Tuesday, May 29, 2018

Voting Against Women's Suffrage in North Carolina, 1919

“Weaver Only In Favor Suffrage….Nine of North Carolina’s Delegation Vote Against Submitting Amendment….Small and Kitchen Protest….Mr. Mann Chaffed and Congratulated on His Changed Attitude on the ‘Votes for Women’ Question,” from the Rockingham Post-Dispatch, May 29, 1919

Washington (Special)—North Carolina congressmen stood out against woman’s suffrage. 

Representative Weaver of the Asheville district voted for the resolution to submit the constitutional amendment. Representatives Small, Kitchin, Brinson, Pou, Stedman, Godwin, Robson, Dougherty and Webb voted against it.

Messrs. Small and Kitchen lifted their voices in protest. Mr. Weaver was the only member who voted for suffrage before.

“The Republican party,” said Mr. Kitchen, “was in control of all branches of the government for years, and yet they never allowed the Susan B. Anthony amendment, which has been before Congress for 60 years, a chance to get a hearing. The women found that they could not get the Republicans to submit the proposition even to a committee. It remained for a Democratic house and a Democratic rules committee to give it to them.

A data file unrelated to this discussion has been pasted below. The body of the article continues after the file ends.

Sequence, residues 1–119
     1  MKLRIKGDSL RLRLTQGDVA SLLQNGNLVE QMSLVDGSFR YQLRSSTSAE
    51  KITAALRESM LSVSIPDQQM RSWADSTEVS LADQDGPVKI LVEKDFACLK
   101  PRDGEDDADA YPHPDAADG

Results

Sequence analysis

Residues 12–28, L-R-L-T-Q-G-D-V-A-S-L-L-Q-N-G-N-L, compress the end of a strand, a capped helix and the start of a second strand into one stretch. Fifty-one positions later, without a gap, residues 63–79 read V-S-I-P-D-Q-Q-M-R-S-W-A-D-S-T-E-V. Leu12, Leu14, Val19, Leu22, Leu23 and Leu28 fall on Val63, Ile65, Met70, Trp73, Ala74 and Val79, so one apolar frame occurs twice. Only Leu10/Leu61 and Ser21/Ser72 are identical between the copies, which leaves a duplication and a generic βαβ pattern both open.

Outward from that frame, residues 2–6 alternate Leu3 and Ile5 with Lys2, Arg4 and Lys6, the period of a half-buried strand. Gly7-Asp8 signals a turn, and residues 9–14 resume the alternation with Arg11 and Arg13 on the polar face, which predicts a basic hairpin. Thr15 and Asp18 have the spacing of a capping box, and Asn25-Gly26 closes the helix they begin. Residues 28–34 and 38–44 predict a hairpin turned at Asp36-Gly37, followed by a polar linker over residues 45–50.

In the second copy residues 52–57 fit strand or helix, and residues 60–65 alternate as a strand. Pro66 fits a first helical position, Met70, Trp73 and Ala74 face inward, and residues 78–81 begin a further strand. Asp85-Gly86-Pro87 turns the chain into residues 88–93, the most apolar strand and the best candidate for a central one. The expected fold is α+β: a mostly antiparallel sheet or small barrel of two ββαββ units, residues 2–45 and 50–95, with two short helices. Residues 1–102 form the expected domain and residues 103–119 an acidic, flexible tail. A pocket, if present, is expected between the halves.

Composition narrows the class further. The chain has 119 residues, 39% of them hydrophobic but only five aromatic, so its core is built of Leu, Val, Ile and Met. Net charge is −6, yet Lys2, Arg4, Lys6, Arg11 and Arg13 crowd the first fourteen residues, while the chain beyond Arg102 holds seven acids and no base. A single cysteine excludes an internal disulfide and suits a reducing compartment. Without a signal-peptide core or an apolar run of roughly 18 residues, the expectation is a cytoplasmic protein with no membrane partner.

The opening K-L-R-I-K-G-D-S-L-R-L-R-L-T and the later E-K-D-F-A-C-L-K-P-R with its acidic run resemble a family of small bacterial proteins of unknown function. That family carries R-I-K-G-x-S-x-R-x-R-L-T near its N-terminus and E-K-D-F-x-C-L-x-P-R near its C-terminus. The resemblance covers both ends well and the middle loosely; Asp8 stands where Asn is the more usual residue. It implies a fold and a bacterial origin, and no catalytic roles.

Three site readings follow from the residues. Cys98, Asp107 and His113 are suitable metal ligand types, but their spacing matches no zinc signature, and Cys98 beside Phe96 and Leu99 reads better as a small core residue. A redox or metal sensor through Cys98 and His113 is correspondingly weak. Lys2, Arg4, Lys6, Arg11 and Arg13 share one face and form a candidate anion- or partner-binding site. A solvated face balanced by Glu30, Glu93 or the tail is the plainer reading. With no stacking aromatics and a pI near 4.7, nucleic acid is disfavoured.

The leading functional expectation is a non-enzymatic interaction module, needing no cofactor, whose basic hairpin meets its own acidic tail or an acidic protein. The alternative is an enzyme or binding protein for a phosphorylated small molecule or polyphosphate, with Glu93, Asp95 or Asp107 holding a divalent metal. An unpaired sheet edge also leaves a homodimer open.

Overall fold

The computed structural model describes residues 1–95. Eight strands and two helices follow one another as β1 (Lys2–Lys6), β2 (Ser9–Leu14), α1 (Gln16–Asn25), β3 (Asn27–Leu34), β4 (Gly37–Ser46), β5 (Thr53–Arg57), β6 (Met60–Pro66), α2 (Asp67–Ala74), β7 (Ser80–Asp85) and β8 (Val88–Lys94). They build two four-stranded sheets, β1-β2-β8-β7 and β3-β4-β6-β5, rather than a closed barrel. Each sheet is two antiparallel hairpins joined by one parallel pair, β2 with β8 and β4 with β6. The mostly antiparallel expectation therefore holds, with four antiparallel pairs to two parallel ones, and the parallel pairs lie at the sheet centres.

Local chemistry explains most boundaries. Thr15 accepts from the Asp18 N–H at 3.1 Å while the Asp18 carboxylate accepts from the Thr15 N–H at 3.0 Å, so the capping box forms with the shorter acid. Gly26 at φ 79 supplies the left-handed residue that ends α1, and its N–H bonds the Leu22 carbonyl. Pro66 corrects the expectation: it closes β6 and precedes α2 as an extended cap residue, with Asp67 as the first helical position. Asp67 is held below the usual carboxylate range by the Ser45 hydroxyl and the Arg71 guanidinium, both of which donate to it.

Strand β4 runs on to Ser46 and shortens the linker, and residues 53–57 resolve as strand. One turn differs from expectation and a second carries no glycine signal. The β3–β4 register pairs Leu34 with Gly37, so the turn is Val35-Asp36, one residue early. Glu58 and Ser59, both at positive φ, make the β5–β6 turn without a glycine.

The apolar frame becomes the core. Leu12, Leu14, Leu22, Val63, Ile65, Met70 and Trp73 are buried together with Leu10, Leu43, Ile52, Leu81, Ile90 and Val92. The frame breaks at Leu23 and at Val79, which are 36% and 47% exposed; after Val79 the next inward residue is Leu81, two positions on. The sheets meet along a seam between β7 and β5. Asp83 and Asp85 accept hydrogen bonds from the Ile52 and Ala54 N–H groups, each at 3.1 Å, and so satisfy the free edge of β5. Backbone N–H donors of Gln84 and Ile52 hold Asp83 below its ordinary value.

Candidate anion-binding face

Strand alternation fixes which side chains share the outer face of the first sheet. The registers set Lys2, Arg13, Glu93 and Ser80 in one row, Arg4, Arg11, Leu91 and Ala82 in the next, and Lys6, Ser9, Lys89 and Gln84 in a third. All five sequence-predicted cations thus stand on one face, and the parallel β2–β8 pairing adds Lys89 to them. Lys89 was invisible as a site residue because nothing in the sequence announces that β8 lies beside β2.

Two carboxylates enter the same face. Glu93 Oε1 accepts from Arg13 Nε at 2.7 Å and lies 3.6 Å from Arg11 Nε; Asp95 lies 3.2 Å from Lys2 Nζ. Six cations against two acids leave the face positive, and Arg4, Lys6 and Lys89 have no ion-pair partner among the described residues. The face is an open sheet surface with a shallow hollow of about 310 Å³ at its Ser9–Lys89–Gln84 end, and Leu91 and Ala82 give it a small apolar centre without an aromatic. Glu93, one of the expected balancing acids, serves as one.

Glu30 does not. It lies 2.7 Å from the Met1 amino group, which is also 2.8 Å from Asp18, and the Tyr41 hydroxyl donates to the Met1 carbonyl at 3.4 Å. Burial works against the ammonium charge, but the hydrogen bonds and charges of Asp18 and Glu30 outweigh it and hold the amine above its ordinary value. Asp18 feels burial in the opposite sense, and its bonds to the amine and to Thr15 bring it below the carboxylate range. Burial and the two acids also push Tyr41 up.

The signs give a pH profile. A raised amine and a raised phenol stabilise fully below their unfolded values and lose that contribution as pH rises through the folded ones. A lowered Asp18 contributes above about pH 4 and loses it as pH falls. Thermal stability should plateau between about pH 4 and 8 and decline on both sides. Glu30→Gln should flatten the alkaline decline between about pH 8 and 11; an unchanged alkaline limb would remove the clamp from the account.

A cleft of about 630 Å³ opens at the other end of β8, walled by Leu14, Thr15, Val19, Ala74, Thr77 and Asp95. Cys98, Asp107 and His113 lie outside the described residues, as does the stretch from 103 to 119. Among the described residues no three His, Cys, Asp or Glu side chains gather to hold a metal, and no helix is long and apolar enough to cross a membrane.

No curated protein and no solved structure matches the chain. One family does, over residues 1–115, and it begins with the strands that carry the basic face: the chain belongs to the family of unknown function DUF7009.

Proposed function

“I want to congratulate Mr. Mann on the change of attitude he has assumed,” concluded Mr. Kitchen. He was referring to the good-natured gaffing that the opposition turned at the former Republican leader because in a house debate in 1913, following alleged insults to a young lady in a parade on Pennsylvania avenue, he had said she ought to have been at home.

Mr. Small said he was not altogether opposed to woman suffrage and had no objection to any citizen advocating it in any state. “I had the honor,” he said, “of writing to a member of the legislature of my state recently urging that a limited degree of suffrage be adopted there as an experiment.”

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